U.S. job market paints a mixed picture as employers post more jobs in June and pull back on hiring

The number of jobs posted on the last day in June jumped 9.6% to 5.9 million, the Labor Department said Monday, a solid gain but still below the pre-pandemic level of about 7 million.

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Tyler LaRiviere/Sun-Times

WASHINGTON — U.S. employers advertised more jobs in June compared with the previous month, but overall hiring fell, painting a mixed picture of the job market. 

The number of jobs posted on the last day in June jumped 9.6% to 5.9 million, the Labor Department said Monday, a solid gain but still below the pre-pandemic level of about 7 million. And employers hired 6.7 million people in June, down from 7.2 million in May, a record high. 

The figures suggest that restaurants, bars, retail shops, and entertainment venues — businesses that were subject to shutdown orders in April — continued to bring back workers at a healthy pace. Job openings in those industries also rose. 

But outside those categories, employers remain reluctant to bring on new workers, a trend that could weigh on the economy in the coming months. Hiring slowed sharply in manufacturing, construction, and health care services in June.

The government has previously reported that the nation gained 4.8 million jobs in June. That figure, however, is a net total, while Monday’s report, known as the Job Openings and Labor Turnover Survey, or JOLTS, provides gross hiring figures, without subtracting layoffs or quits.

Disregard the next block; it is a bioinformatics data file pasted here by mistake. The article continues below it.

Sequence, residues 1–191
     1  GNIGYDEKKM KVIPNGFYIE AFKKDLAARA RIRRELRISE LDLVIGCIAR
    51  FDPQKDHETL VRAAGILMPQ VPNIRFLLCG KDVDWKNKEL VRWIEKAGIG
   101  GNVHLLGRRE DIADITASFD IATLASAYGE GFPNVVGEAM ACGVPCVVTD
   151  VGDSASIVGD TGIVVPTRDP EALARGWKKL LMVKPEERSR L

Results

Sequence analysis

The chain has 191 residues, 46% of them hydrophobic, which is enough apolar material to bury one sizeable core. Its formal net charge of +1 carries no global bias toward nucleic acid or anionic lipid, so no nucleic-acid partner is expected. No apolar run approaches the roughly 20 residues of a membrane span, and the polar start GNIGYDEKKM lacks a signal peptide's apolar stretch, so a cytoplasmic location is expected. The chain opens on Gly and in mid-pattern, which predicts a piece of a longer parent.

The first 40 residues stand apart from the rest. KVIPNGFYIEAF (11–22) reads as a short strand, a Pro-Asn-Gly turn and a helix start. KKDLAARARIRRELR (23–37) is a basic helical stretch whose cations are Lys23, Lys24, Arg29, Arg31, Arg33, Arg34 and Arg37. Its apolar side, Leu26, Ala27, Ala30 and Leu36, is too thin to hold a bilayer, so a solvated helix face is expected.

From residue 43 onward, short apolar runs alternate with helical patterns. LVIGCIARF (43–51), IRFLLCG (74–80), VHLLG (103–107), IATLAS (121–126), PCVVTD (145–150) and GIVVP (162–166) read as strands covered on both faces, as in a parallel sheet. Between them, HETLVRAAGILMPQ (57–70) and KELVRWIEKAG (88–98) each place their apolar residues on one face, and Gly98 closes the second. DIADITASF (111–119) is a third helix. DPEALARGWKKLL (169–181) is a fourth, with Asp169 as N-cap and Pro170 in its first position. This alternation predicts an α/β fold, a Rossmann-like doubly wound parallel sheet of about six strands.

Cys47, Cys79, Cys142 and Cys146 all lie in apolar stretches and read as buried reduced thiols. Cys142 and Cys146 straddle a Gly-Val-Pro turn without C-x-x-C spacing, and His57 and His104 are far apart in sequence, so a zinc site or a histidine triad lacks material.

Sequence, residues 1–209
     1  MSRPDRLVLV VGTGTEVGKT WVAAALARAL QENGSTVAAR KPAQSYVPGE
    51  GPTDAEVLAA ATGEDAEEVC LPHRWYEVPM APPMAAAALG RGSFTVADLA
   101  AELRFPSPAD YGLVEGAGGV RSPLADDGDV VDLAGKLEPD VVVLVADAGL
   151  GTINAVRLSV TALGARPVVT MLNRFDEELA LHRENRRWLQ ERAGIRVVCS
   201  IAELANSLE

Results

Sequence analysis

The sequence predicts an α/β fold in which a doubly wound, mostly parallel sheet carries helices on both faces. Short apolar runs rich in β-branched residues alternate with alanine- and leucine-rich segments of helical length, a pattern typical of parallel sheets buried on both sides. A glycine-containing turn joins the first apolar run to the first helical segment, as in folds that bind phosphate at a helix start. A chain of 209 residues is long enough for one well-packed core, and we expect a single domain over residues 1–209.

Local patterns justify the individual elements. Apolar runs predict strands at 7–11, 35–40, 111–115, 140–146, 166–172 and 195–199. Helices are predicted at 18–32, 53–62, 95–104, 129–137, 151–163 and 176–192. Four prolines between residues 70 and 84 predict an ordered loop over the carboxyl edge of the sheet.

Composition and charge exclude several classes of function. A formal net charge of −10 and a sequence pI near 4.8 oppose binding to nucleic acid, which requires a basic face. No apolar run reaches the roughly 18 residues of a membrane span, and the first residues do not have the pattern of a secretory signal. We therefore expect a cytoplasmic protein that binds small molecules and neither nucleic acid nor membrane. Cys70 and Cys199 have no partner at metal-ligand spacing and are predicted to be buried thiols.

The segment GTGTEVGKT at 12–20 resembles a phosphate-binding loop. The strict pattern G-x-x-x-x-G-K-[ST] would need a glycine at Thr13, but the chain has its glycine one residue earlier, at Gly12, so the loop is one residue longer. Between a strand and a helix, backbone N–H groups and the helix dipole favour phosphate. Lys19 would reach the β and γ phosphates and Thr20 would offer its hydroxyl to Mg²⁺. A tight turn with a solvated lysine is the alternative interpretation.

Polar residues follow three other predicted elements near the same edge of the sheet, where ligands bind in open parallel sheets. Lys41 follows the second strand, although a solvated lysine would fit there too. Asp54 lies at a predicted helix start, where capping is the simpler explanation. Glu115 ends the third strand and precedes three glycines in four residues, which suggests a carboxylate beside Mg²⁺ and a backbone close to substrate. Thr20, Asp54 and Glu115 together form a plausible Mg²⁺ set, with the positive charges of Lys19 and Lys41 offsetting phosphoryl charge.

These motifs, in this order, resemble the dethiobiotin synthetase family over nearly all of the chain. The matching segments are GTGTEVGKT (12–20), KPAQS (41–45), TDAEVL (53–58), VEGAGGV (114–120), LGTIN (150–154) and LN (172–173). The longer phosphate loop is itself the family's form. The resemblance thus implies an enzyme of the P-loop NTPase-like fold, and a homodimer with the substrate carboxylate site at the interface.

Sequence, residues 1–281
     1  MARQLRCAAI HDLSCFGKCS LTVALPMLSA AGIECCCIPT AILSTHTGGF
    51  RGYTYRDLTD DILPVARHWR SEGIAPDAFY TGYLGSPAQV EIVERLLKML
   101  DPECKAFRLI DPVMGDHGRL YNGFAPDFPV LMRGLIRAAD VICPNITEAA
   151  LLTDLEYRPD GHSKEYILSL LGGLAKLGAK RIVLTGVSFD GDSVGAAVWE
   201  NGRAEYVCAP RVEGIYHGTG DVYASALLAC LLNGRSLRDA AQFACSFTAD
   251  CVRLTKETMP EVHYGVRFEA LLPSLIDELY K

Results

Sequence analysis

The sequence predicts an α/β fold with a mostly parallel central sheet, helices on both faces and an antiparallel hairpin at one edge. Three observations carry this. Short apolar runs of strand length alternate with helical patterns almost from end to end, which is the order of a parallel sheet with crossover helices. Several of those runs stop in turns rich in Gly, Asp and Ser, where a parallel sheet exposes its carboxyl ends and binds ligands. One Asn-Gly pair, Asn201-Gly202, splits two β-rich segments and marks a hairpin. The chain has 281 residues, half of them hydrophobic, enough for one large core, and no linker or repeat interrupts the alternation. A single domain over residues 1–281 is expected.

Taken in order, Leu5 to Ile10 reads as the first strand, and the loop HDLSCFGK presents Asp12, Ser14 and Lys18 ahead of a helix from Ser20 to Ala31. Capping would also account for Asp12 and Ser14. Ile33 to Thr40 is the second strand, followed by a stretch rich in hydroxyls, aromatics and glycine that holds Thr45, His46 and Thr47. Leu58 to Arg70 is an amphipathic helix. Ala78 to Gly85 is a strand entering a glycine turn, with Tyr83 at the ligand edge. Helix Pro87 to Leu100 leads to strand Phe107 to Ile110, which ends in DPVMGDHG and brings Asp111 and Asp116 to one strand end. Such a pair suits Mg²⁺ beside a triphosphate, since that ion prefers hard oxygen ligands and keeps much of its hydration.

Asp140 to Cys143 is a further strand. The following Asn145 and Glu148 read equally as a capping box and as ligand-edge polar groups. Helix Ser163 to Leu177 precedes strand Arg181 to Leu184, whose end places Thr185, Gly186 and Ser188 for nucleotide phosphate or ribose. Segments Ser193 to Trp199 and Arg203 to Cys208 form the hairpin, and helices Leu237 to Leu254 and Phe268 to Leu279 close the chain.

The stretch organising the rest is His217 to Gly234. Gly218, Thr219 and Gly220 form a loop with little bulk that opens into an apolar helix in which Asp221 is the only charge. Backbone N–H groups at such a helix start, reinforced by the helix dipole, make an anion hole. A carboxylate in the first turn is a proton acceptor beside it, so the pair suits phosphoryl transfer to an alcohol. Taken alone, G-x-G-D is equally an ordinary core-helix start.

On Friday, the government said employers added a net 1.8 million jobs, a solid gain but far below June’s increase and below the 2.7 million added in May. Employers slashed 22 million positions in March and April, and so far 42% of those lost jobs have been regained. 

The number of people quitting their jobs, meanwhile, rose by one-quarter to nearly 2.6 million, a huge gain that is unusual in the depths of the recession, when workers typically try to hold onto their jobs. Many workers may be reluctant to remain in jobs that they believe put their health at risk. Economists also worry that many women and men are quitting jobs to look after children, a trend that could also hold back job growth.

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